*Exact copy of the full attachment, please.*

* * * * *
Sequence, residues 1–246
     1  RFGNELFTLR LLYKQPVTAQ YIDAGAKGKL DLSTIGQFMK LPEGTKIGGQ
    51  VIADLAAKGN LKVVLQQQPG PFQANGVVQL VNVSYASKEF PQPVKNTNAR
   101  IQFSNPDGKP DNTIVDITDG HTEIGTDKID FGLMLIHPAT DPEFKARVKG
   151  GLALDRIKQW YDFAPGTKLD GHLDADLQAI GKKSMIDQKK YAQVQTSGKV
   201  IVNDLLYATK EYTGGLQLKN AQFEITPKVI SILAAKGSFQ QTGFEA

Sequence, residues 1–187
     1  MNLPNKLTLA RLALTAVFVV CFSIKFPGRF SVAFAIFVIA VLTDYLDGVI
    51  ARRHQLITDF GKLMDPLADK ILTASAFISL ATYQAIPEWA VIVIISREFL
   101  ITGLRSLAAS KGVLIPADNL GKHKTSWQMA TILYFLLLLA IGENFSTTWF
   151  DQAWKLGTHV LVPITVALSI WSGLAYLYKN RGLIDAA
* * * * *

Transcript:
Sequence, residues 1–246
     1  RFGNELFTLR LLYKQPVTAQ YIDAGAKGKL DLSTIGQFMK LPEGTKIGGQ
    51  VIADLAAKGN LKVVLQQQPG PFQANGVVQL VNVSYASKEF PQPVKNTNAR
   101  IQFSNPDGKP DNTIVDITDG HTEIGTDKID FGLMLIHPAT DPEFKARVKG
   151  GLALDRIKQW YDFAPGTKLD GHLDADLQAI GKKSMIDQKK YAQVQTSGKV
   201  IVNDLLYATK EYTGGLQLKN AQFEITPKVI SILAAKGSFQ QTGFEA

Sequence, residues 1–187
     1  MNLPNKLTLA RLALTAVFVV CFSIKFPGRF SVAFAIFVIA VLTDYLDGVI
    51  ARRHQLITDF GKLMDPLADK ILTASAFISL ATYQAIPEWA VIVIISREFL
   101  ITGLRSLAAS KGVLIPADNL GKHKTSWQMA TILYFLLLLA IGENFSTTWF
   151  DQAWKLGTHV LVPITVALSI WSGLAYLYKN RGLIDAA